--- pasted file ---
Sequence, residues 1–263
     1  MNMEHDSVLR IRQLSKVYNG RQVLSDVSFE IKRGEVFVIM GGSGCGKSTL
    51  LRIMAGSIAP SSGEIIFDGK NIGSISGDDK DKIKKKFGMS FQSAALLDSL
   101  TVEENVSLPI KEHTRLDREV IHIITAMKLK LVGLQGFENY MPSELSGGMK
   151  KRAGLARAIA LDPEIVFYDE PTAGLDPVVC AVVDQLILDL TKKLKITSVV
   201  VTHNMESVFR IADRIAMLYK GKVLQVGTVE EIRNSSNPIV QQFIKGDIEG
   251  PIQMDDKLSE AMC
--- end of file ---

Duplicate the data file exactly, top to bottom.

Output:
Sequence, residues 1–263
     1  MNMEHDSVLR IRQLSKVYNG RQVLSDVSFE IKRGEVFVIM GGSGCGKSTL
    51  LRIMAGSIAP SSGEIIFDGK NIGSISGDDK DKIKKKFGMS FQSAALLDSL
   101  TVEENVSLPI KEHTRLDREV IHIITAMKLK LVGLQGFENY MPSELSGGMK
   151  KRAGLARAIA LDPEIVFYDE PTAGLDPVVC AVVDQLILDL TKKLKITSVV
   201  VTHNMESVFR IADRIAMLYK GKVLQVGTVE EIRNSSNPIV QQFIKGDIEG
   251  PIQMDDKLSE AMC